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HELP CHINA HELP ITSELF

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NEW YORK, Sep 19 2005 (IPS) - As international leaders gathered at the United Nations in the middle of September to address plans to eradicate global poverty, the Bush administration notified Congress that it will withhold the U.S. contribution ($34 million) to the United Nations Population Fund (UNFPA) for the fourth consecutive year, writes Kerry Kennedy, founder of the Robert F. Kennedy Center for Human Rights. This aid provides vital services for the world\’s poorest women and girls, so why would the U.S. fail to help? Because, despite the U.S. State Department claims to the contrary, the administration asserts that the fund supports China\’s forced sterilization policy. The truth is, in order to change that policy, Washington should support the population fund, not cripple it. The U.S. government can leverage change. This is hard, because China is an important trading partner and increasingly holds more of the U.S. debt. So we also need to engage the international community. I take a back seat to no one in my horror at China\’s abuses in its one-child policy. To end them, we must support many efforts, and that includes the United Nations Population Fund. Elie Wiesel, who survived the Holocaust, said the opposite of love is not hate but indifference. We must no longer be indifferent to what is going on in China.

This aid provides vital services for the world’s poorest women and girls, so why would the U.S. fail to help? Because, despite the U.S. State Department claims to the contrary, the administration asserts that the fund supports China’s forced sterilization policy. The truth is, in order to change that policy, Washington should support the population fund, not cripple it.

Twenty-five years ago, China began a draconian effort through a massive violation of civil rights to control its rapid population growth. The communist government was unable to meet its people’s basic needs and thought that rising unemployment, poverty and hunger might be averted if every family had only one child. Using the force, surveillance and repression of a police state, China has indeed slowed its population growth, but at a terrible cost. The U.S. now has the opportunity to induce China to let go of coercion and to embrace freedom in its population policies, just as it has let go of economic coercion to embrace free markets.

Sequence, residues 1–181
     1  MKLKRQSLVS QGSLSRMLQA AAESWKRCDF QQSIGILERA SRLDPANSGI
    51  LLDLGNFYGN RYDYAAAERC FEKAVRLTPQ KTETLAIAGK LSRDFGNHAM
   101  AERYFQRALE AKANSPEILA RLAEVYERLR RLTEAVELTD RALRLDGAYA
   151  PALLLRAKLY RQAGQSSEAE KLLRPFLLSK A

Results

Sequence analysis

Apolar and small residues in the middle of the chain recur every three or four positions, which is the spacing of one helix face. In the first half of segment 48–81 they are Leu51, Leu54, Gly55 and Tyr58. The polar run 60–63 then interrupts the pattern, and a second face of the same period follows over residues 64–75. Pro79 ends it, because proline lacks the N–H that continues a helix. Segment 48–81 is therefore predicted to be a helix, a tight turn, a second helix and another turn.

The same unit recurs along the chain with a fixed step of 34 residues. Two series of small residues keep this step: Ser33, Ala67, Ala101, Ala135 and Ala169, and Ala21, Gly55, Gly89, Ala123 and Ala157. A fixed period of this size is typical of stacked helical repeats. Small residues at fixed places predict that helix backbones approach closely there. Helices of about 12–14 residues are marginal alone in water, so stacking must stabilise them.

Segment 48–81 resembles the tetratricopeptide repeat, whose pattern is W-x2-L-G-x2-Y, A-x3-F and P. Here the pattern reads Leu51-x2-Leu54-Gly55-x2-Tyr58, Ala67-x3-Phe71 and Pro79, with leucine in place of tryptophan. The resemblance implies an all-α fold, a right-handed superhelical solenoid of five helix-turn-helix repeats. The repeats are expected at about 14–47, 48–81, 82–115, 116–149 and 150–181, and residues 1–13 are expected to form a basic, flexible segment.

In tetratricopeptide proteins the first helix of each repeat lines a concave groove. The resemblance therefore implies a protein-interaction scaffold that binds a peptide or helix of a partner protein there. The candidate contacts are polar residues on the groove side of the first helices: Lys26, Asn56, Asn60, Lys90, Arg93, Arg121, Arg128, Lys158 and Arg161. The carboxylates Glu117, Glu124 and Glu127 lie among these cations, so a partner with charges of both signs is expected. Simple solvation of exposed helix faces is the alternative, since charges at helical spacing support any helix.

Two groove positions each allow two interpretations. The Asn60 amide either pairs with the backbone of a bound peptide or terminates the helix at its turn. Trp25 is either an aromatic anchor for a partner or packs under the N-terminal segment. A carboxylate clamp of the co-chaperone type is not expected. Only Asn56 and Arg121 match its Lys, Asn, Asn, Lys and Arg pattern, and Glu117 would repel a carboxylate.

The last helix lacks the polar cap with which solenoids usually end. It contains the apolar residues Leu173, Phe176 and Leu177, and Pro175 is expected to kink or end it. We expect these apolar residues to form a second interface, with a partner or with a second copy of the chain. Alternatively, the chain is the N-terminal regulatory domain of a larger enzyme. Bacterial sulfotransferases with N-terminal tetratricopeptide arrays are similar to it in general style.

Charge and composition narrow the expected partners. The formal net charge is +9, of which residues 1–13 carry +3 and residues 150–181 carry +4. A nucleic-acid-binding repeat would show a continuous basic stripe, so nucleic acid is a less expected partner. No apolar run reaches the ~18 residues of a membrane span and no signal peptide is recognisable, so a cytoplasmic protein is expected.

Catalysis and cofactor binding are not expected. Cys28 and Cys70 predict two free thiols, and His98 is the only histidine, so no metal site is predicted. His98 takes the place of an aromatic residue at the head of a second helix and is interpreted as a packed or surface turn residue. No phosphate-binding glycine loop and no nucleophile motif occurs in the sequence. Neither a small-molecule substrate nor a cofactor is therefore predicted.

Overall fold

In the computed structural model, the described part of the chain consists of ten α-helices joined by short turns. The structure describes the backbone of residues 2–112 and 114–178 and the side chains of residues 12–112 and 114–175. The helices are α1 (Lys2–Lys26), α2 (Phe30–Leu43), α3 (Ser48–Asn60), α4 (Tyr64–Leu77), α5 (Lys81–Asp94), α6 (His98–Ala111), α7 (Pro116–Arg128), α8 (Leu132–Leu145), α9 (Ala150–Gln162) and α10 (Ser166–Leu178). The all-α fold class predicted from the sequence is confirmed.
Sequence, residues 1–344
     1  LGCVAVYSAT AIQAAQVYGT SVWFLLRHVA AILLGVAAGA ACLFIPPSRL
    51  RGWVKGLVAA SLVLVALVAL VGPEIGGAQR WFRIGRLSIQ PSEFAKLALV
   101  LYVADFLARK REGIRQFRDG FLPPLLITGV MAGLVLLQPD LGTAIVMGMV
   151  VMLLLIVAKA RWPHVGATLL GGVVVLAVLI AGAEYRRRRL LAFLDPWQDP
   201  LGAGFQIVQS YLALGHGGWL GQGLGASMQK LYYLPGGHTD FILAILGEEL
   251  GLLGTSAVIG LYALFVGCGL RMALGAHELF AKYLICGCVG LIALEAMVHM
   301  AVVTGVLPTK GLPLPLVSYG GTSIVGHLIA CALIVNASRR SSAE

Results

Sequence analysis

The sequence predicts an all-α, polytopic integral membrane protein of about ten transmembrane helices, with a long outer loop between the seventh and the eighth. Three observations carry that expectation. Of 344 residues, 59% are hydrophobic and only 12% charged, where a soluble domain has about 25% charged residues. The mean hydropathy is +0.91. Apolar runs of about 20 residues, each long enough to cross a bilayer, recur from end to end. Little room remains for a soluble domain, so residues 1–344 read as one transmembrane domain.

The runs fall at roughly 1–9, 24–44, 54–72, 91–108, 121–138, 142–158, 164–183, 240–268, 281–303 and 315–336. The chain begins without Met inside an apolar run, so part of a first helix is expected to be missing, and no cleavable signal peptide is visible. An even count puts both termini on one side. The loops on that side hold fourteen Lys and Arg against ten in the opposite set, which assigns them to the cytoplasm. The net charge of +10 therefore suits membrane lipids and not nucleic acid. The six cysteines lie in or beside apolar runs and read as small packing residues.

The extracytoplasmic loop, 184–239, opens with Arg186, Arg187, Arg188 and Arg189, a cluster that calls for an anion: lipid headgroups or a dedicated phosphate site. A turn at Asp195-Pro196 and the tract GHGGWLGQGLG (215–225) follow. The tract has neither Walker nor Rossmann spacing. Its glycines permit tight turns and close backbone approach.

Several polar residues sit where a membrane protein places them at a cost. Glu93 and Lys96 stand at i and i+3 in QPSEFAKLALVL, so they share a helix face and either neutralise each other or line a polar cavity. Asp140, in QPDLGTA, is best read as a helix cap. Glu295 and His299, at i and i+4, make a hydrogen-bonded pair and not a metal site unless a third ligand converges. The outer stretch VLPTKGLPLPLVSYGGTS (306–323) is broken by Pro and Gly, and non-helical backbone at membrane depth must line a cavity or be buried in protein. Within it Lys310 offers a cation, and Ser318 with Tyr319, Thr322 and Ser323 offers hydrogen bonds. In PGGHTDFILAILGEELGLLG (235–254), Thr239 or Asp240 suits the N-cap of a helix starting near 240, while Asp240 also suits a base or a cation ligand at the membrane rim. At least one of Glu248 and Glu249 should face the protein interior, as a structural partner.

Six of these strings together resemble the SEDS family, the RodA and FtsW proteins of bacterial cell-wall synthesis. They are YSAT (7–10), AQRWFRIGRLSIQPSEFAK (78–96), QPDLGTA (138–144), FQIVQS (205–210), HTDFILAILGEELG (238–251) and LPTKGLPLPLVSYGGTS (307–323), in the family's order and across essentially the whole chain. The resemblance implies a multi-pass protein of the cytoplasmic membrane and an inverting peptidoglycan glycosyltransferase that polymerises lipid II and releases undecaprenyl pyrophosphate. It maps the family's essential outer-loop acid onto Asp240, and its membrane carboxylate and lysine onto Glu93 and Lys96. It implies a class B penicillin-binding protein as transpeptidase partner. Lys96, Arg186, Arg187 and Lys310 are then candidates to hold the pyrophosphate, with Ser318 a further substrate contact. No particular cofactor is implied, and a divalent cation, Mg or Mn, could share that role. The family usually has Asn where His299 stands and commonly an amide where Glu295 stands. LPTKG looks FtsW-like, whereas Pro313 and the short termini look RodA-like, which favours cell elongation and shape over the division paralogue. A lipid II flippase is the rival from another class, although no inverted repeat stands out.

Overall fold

In China, a woman who defies the one-child rule can be fined, as can her family and her village. She can be beaten, ostracized or detained. Her furniture, her cow, her pig might disappear. She may face a forced abortion it doesn’t matter if she is nine days or nine months pregnant. China says that in 2002 alone there were 6.8 million abortions. Too many were because of sonograms that showed the fetus was a girl, disfavored in a culture that prefers boys.

If the woman is lucky, the abortion may be followed by forced insertion of an IUD (Intrauterine Device). If she is not so lucky, she may be forcibly sterilized. Beijing says 38% of women of childbearing age have been sterilized.

Everyone in the world has a stake in ensuring that China and all countries develop as sustainable, free societies, and that their efforts to stabilize population respect human rights.

China promised to meet its human rights obligations in 1994 when it joined 179 nations at the International Conference on Population and Development, which agreed that all individuals have the right to decide the number and spacing of their children free of coercion, and to have access to voluntary, quality family-planning services. This rights-based approach to population issues has proved to reduce abortions, delay first childbirth, reduce births and improve the chances that the children will be wanted and cared for. It’s morally right, and it works.

What can we do to move China to keep its promise?

First, we should fully back the NFPA. In China, it is the only agency promoting voluntary family planning and upholding these human rights. Just because it operates in China does not make it complicit in human rights violations, as its critics have charged. Today, in those counties in China where the Fund operates, 90% of the women are choosing their own methods of birth control, and the abortion rate has plummeted from 70% to 30%.

Second, Beijing must be made to see that meeting human needs for health, education and opportunity is the best way to slow population growth.

Third, U.S. corporations can lead. For instance, a woman who is pregnant illegally is demoted or fired in much of China, so U.S. corporations can refuse to enforce such laws in factories in their supply chain.

The U.S. government can leverage change. This is hard, because China is an important trading partner and increasingly holds more of the U.S. debt. So we also need to engage the international community.

I take a back seat to no one in my horror at China’s abuses in its one-child policy. To end them, we must support many efforts, and that includes the United Nations Population Fund. Elie Wiesel, who survived the Holocaust, said the opposite of love is not hate but indifference. We must no longer be indifferent to what is going on in China. (END/COPYRIGHT IPS)

 
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